And finally, we got you thinking about how to identify duplicate content.
With all those sorted, it’s time to show you how to avoid creating duplicate content in the first place.
Use Ai Writers with GPT-4 Text-Davinci Model
Open AI has developed several AI software that automates repetitive tasks in the last few years. Their GPT-4 model, in particular, is trained to understand and generate texts best on natural language processing (NLP). It's the only model that can generate high-quality outputs while minimizing plagiarism.
Hence, when website owners come to us for recommendations on the best pSEO software, we usually advise them to opt for a tool with a built-in AI writer with GPT-4 model embedded in its functionality.
Such tools will give them the advantage of:
If you want a pSEO tool with such built-in content creation capabilities, Seomatic is there for you. Just so you know, all of the programmatic SEO pages on our website were generated with SEOmatic, and most of these pages are currently ranking on the first page.
And one of our users, Ben, had this to say after using SEOmatic to generate 75 unique content in 3 hours.
If you want to generate the same results for your business, we recommend you sign up for a free trial and take the tool for a test run before deciding to opt for a paid plan.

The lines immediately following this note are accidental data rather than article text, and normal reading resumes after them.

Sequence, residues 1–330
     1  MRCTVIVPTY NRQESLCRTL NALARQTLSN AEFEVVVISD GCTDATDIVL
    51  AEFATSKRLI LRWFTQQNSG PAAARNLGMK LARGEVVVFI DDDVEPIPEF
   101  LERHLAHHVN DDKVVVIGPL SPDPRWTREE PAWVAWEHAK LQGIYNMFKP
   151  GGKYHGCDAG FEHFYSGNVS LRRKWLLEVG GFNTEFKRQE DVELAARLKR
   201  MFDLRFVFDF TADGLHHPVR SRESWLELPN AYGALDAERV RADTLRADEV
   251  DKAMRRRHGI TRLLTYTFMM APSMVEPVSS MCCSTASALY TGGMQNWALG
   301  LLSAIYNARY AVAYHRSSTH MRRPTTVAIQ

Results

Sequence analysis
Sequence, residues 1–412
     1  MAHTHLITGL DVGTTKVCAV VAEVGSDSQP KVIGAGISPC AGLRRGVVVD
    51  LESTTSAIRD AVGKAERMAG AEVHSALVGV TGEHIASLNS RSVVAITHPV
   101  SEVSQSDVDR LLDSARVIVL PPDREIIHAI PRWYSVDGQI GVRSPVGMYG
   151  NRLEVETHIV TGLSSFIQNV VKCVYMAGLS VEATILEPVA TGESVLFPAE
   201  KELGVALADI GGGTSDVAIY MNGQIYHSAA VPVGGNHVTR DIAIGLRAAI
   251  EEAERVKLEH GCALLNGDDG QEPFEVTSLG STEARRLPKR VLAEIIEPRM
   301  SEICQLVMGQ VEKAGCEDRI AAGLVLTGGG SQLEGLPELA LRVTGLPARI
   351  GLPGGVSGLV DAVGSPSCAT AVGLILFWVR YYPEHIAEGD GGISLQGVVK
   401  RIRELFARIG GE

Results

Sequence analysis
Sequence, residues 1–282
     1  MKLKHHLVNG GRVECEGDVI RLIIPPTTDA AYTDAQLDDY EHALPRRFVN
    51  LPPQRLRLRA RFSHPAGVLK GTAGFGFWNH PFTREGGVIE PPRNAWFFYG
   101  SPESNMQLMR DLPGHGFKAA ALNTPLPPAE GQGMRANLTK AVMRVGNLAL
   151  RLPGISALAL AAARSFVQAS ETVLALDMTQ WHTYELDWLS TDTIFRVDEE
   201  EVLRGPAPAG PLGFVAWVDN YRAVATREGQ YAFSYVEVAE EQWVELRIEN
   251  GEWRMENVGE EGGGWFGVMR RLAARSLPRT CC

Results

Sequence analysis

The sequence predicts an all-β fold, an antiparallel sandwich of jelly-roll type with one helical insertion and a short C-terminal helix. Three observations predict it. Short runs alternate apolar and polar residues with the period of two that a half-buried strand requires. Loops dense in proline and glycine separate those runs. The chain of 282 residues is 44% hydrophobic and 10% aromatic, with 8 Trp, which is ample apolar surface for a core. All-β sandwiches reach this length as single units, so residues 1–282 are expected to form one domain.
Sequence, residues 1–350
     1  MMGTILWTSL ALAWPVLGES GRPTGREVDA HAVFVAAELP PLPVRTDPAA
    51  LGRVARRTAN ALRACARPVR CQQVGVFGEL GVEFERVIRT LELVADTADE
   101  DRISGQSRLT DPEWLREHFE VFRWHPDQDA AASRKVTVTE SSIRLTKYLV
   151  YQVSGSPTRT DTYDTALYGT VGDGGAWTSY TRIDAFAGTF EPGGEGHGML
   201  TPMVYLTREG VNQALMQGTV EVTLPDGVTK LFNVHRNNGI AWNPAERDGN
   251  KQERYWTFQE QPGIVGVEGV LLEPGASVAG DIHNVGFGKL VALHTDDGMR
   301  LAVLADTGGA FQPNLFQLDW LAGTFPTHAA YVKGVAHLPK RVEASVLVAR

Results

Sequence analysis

Go here to kickstart your pSEO journey with SEOmatic.
Differentiate Originals from Duplicates with Canonical URLs
If you have multiple texts on multiple pages on your site, it's important to specify which one is canonical.
Adding a canonical to one of the pages tells Google that this is the one they will serve on search engines, while the others with the same texts are duplicates.
Otherwise, Google will make the pick for you, and that pick might not be your best version. Hence, losing out on a chance to rank the pages higher.
But how do you specify a page as a canonical?
Add the rel="canonical" tag to the page URL to specify that a blog post is canonical.
So here's how it's done; assuming this page is a canonical, the URL will be:
It’s as easy as that.
Different Data Set for Each Keyword
Programmatic SEO generally relies on data. The more data you have the better your content.
Hence, to create content that stands out, we recommend you invest enough time sourcing for data.
Ideally, if it will take 3 hours to create 20 pSEO content, you should invest 10-12 hours sourcing for data.
Why should it take that long?
Our approach is to create different datasets for different keywords.
For instance, if you create content around location-based keyword like "Paris", you can have different datasets for:
And lots more…
Doing this will level up your pSEO game and super change your content creation process.
Website owners who implement pSEO on their site unintentionally fall into the trap of creating duplicate content on their site. However, too much of it will hinder your page ranking.
But if you implement the strategies we shared with you here, we have confidence that you will completely avoid creating duplicate content for your pSEO site.
And one last thing, you can level up your pSEO content game if you combine this approach with a powerful software like Seomatic.
So why not sign up for our 14-day free trial and test-run our tool at no cost.